I’m still not ready to post a first long update on our new garden. When you get a garden at the beginning of March, it’s really a fight against time to get everything ready at the start of the gardening season. I’m therefore choosing to focus on getting things ready instead of posting long updates about the garden now. Luckily, I have much content that I haven’t posted yet. This is content related to our old garden. Things that I tried out and worked, and that I’m now ready to share. Today a post on how to grow pumpkins successfully on a no-dig bed, covered with cardboard.

It’s actually a very good idea to grow pumpkins on a no-dig bed. We found this out in 2014 when I was so disappointed by the returning weeds, that I decided to cover one side of the garden with cardboard. I grew pumpkins there (along with other things). Compared to the (non-) harvest of the year before, we had a huge bumper crop. Our conclusion was that this was a good way to grow pumpkins, when you are starting a garden and you are still fighting a battle against weeds.

There are a few things to keep in mind when you are growing pumpkins on cardboard. First of all, ideally you place the cardboard on top of your piece of land early in the season or at the end of a season even. That is, if possible. If it isn’t possible, do it whenever you can. The second thing is that you will need fairly big seedlings to plant. Direct sowing isn’t recommended with this method. You need strong plants, that are able to compete with the remaining weeds. The last thing to remember is that mulching is very important when you use a cardboard method. Mulching with both compost and straw.

So how do you start?

You start by collecting immense amounts of cardboard. That year I used cardboard that I had kept from the big things that we bought in stores. Other years I have collected cardboard from supermarkets. Remember that you only want to use brown unprinted cardboard. Removing all the tape. I often do leave the printed paper stickers on the boxes. If you are less lazy, you can remove those too. Now you cover the piece of land that you want to use with the cardboard. People say that it’s best to wet the cardboard first. But I find that too messy, so I don’t do that. Ideally you choose to do this job a day before the rain comes.

Now that the cardboard has covered the piece of land fully (make sure that you can’t see anything from the layer below). You can start adding compost. Depending on how much compost you have, you can choose how much you want to add. If you have a lot of compost, you add a thick layer (10cm for example). If you don’t have much compost (like us), you just add as much compost to cover everything. Ideally you won’t see any cardboard now.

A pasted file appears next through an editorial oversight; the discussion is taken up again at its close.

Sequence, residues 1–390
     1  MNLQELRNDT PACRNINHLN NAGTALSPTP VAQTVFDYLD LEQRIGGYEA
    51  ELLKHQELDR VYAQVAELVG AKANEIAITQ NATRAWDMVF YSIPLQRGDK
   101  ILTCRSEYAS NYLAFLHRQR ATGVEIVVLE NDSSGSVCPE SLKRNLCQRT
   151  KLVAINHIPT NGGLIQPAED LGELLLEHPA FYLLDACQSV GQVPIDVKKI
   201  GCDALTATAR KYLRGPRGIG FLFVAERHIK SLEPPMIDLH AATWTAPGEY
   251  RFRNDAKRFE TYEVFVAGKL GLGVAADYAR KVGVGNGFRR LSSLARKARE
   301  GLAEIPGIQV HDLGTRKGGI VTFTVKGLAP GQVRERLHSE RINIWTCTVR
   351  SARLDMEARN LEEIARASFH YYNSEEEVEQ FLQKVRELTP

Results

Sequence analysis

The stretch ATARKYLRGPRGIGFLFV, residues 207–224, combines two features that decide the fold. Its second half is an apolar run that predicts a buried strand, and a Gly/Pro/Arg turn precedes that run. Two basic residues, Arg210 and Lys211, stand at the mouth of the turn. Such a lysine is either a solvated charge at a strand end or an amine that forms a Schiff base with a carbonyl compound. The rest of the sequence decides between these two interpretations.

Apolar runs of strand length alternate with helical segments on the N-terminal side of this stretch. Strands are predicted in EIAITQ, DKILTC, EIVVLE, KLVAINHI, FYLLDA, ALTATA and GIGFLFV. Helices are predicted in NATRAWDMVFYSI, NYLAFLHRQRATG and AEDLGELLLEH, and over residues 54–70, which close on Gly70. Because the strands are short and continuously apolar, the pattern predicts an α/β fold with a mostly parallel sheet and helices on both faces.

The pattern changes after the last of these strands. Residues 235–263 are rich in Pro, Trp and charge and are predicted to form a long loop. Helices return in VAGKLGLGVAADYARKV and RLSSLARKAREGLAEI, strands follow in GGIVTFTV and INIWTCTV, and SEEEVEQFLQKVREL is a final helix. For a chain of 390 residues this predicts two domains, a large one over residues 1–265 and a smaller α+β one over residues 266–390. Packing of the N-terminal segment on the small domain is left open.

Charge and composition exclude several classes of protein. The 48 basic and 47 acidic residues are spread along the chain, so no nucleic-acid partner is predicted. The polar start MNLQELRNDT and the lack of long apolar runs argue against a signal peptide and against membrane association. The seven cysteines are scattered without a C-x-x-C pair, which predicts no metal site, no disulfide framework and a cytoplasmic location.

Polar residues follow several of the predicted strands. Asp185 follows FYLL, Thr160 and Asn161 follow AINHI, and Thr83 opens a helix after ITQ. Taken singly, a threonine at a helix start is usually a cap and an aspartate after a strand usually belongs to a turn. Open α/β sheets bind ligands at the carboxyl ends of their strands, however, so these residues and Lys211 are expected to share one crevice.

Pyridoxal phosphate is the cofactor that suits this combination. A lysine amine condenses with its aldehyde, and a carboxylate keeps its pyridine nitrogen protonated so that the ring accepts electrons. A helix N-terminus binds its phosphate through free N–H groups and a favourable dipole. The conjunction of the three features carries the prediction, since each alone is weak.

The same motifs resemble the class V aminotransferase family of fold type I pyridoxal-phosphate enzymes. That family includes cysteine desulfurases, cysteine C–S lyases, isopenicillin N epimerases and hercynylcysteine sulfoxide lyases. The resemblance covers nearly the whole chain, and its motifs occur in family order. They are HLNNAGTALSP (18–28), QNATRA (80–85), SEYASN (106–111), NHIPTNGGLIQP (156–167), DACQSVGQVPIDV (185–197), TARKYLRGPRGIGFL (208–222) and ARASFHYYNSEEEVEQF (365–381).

Next is the straw or cut grass or dead leaves. Whatever you have at hand. Cover the compost with a layer of mulch. You can now leave this bed to rest for a few months. Ideally at least three months. In the meantime you can grow your seedlings.

As soon as your seedlings are +15cm and the weather permits planting out, you can start with the fun part. Putting some life into your garden. What you do now is that you create holes 20x20x20cm in your bed. You fill the holes with fresh compost and maybe a bit of manure. Plant the pumpkin seedling into that compost. You can plant the plants about 80cm apart. That’s what I do, because I like to overgrow the piece with leaves of the plants. Water them thoroughly the first time.

That’s it. You can now leave the plants to grow. Keep an eye on them on how much water they need. We had a watering system set up on top of the mulch. Just a soaker line that we used to put on twice a week or so. During the season I also place more mulch on top of everything (including the soaker line). This way the pumpkin plants don’t dry out.

When the pumpkins start forming, it’s a good idea to place them on top of a piece of stone or something else so that they don’t start rotting due to a wet surface. You wait with harvesting until the stem gets a cork like surface. The longer you leave them on the field (without letting them rot), the longer you can keep them in storage! Keep that in mind. We are now in April and we are still eating last years pumpkins. I think we will still be eating pumpkins in July. By the time August comes, we will have new pumpkins. It’s really a favourite, when it comes to self-reliant living.

growing pumpkins by pakovska

Just as a closing remark. We harvested about 40 pumpkins from this small bed that you see below. I didn’t do any weeding. As soon as the weeds reach this stage shown below, you will already have full-grown pumpkin plants, and most of them will be harvested. You won’t have to help them compete with the weeds anymore. The weeds are no problem at this stage. I knew also that we would move away from that house a few months later, so this was also a perfect way to leave the piece of land as it was before. As if nothing had happened. A perfect example of using permaculture principles while renting a house.

Another plus of this way of gardening is that your soil will improve as you are adding both dry organic material (cardboard, straw) as well as compost. So if you do want to use the piece of soil again in the years that follow, you can do that more successfully. You will have less weeds and better soil, with limited work.

Let me know if this method works for you too, if you try it out! And remember: sow, grow, harvest and feast!